- A sudden urge to urinate – you may sometimes leak before you get to the toilet.
For more information, visit: Prostate Cancer UK
Testicular cancer is considered one of the ‘less common’ cancers, typically affecting men aged between 15 and 49 years of age. That said, this is not a reason not to speak to your GP if you notice any of the following:
- A painless swelling or lump in one of the testicles
- Change in shape or texture of the testicles
- An increase in the firmness of a testicle
- A difference between one testicle and the other
- A dull ache or sharp pain in your testicles or scrotum, which may come and go
- A feeling of heaviness in your scrotum.
For more advice on testicular cancer you can refer to the NHS website
Ovarian cancer occurs most commonly in women aged between 40 and 60 and can be caused by a number of factors. Guidance from Ovarian Cancer Action recommends that all women should be aware of the following symptoms:
- Persistent stomach pain
- Persistent bloating
- Difficulty eating/feeling full more quickly
- Needing to urinate more frequently.
More information can be found here: Ovarian Cancer Action
According to Macmillan Cancer Support, around 3,200 women are diagnosed each year with cervical cancer in the UK. It affects women of all ages, therefore it’s vital to be aware of the following symptoms:
- Heavier periods than you normally have
- Bleeding between periods
- Vaginal bleeding after sex
- Bleeding after the menopause.
Other symptoms can include:
- Smelly vaginal discharge
- Urine infections that keep coming back
- Pain in the lower tummy or back.
More information and guidance can be found here: Macmillan Cancer Support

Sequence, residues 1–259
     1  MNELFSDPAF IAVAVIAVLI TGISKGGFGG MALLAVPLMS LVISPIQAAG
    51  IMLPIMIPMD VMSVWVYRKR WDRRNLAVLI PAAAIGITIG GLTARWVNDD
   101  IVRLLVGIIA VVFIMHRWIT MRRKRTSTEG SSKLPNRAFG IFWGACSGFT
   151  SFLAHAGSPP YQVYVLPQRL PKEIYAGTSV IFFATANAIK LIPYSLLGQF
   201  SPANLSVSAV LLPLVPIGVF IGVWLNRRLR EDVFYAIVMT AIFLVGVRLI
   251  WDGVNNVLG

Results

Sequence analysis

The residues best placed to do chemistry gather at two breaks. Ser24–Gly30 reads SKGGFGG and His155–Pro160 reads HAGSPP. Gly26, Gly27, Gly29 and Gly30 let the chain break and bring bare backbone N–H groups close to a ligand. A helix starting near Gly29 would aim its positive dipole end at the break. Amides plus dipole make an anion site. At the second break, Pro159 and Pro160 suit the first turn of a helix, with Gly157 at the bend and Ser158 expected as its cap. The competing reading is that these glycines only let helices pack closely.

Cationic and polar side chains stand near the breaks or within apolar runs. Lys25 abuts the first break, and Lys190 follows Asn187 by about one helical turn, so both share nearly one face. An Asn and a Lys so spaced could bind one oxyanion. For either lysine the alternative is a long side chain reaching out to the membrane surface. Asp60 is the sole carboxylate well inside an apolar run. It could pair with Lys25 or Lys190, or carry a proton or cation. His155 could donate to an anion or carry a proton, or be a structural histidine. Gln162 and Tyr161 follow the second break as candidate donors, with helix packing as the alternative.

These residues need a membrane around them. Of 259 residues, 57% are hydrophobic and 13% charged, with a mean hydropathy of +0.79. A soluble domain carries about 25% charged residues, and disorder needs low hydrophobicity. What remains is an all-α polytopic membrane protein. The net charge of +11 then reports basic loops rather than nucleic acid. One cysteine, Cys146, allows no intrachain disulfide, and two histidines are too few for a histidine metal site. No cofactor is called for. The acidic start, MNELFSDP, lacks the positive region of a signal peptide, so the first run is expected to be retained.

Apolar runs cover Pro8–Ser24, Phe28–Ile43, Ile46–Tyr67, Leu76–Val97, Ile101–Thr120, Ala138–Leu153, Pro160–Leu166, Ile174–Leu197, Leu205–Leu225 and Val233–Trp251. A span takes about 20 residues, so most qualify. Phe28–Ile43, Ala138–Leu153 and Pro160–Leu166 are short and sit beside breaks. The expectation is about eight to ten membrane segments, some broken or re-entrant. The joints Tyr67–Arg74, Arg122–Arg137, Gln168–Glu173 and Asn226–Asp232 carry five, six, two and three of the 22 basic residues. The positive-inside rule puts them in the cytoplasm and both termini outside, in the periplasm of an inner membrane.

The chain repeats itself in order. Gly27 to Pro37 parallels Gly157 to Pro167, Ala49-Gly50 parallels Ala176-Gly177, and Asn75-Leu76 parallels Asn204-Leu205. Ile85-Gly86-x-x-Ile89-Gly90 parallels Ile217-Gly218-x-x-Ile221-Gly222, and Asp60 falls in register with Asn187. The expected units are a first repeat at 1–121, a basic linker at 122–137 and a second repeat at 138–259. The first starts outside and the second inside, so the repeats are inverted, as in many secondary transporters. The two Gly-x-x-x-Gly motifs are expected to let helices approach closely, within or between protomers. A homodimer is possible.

Our skin is our biggest organ – a fact that is often taken for granted. Skin cancer is the most common form of cancer in the UK6, but the good news is that most skin cancers can be cured if detected early.
The British Skin Foundation recommends checking your skin once a month for marks or moles that are changing or new. Here’s what you should look out for:
“In particular look out for growing size, changing shape, developing new colours, bleeding, pain, crusting, red around the edges or itching. About once a month, check your skin for moles or marks that are changing or new.” It recommends using the following ‘A,B,C,D’ checklist:
Asymmetry – the two halves of the area differ in their shape.
Border – the edges of the area may be irregular or blurred, and sometimes show notches.
Colour – this may be uneven. Different shades of black, brown and pink may be seen.
Diameter – most melanomas are at least 6 mm in diameter.
The Foundation further recommends watching out for:
- A scab or sore that will not heal.
- A scaly or crusty patch of skin that is red or inflamed.
- A flesh coloured bump that won’t go away and grows in size.
- A volcano-like growth with a rim and a central crater.
For further information and advice, visit: British Skin Foundation
At LiveInCare, we provide a dedicated online introductory service that puts you in control of care – including caring for people living with cancer. If you would like to read more about live-in care, you can read our all-encompassing guide to live-in care here.